Using video: Readiness Activities
Watching authentic video with a wide range of unfamiliar accents can be very challenging for learners. They have no control over the speed at which they have to understand the content and they have to process both images and audio in order to construct meaning. Video can however be very motivating for students, engage them on a deeper level than almost any other medium and really help them to develop.
We can help our students to understand the content of the video materials though by making sure that they are prepared for what they see and hear and reducing the ‘cognitive load’ or the amount of information they have to deal with the first time they watch.
One of the best ways to do this is to help students to access what they already know about the topic and to raise their expectations of what they might find out and how the information will be structured before they watch the complete video. This can be done by using silent viewing tasks (watching the video first without sound). This helps to build a framework in students minds about the structure and content of the video and access their existing knowledge, without overloading them with information.
Here are some activities you can use with the Premier Skills videos to help your students do this.
1. Show students the text introduction to the video and ask them to predict what they think they will see in the video.
2. Ask students watch all or part of the video with the sound off and see what people and places they recognise. See if they can identify the genre of the video (is it news, documentary, coverage of a game, etc.) See if they can tell you what the video is about.
3. Take screen shots of images from the video and ask students to predict what they think is happening in each images.
4. Take screen shots of images from the video and ask students to arrange them in the order they see them as they watch the video without the sound.
5. Play the video with the sound off and get students to make questions to ask someone about what is happening in the video and what they would like to know about what they see.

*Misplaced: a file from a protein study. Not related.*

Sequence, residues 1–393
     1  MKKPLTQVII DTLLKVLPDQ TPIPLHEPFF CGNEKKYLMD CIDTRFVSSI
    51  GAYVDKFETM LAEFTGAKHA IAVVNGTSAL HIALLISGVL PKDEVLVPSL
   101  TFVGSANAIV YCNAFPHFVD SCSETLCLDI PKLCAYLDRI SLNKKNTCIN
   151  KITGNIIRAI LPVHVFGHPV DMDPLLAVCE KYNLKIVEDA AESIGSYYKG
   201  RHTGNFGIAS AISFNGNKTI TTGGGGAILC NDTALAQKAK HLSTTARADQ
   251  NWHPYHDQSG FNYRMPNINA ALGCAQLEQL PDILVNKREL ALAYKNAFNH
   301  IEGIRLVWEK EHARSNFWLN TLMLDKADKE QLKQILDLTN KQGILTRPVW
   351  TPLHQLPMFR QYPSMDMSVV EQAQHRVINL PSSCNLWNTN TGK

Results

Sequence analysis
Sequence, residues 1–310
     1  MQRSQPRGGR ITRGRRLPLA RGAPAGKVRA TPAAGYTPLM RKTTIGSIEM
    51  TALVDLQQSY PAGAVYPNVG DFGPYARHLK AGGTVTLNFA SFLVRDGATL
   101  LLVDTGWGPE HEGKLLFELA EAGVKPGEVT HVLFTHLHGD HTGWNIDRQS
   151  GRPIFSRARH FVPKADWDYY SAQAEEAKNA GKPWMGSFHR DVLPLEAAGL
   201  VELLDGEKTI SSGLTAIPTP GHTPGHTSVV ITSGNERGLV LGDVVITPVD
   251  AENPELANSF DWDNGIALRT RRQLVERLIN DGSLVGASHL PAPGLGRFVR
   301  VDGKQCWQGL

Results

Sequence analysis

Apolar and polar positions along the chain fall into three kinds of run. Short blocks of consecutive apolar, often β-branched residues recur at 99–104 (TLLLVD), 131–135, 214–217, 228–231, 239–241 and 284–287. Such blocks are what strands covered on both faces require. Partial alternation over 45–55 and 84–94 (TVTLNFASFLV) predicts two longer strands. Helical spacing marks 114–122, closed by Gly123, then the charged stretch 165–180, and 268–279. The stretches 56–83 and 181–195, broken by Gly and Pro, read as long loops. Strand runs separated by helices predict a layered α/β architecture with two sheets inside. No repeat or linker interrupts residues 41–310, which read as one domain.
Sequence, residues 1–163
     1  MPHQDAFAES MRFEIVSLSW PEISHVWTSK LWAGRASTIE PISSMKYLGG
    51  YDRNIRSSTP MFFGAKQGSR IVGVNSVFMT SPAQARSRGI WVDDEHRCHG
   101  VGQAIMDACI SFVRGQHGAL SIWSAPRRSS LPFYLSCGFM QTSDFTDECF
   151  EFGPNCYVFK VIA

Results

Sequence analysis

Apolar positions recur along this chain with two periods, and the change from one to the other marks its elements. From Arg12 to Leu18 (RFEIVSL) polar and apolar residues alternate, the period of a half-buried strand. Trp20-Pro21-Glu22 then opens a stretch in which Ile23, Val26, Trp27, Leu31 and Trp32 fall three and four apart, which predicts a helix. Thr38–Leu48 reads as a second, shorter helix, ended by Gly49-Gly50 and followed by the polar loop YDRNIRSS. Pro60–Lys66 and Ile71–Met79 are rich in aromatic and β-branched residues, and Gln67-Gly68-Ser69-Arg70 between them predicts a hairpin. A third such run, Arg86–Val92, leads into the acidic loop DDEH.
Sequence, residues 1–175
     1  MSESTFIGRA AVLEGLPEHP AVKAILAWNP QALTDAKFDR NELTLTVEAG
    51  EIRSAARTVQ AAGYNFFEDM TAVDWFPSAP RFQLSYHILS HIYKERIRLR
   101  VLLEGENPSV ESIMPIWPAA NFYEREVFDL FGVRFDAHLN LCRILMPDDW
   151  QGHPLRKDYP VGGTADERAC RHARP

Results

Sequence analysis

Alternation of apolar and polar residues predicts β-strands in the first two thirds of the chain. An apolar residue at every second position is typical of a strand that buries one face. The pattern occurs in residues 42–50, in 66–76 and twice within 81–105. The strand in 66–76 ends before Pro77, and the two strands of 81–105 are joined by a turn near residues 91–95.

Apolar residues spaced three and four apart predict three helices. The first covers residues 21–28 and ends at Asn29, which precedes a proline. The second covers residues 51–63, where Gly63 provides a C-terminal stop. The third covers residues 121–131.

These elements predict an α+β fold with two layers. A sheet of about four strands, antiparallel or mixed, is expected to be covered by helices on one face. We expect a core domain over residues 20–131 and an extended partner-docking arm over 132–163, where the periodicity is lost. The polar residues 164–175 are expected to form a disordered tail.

6. Play the video with the sound off and pause it at intervals and ask students what they think is happening and what they think the people in the video are talking about and how they are feeling.
Procedure for setting the activities
1. Make sure that all the students can see the video and that the sound is off before you start playing the clips.
2. Make sure you emphasise that these activities are fun and stress to students that you aren’t expecting ‘correct’ answers to these tasks and that they will have the opportunity to watch the videos again with the sound on.
3. Be sure not to correct any of your students answers even if they are predicting things that are wrong. At this stage the main thing is that their minds are open and enquiring.
Procedure for using the activities
1. You don’t always need to show the whole clip sometimes just a minute or so is enough to get students thinking and curious.
2. Make sure you give the students the chance to discuss their predictions and share them.
3. You could put some of the predictions up on the board or get students to write them down so that when they watch with the sound they will be able to check their predictions to see if they were correct.
4. Try to avoid correcting the students and keep them curious about the content. This will make them want to understand more and keep them focussing on working for themselves.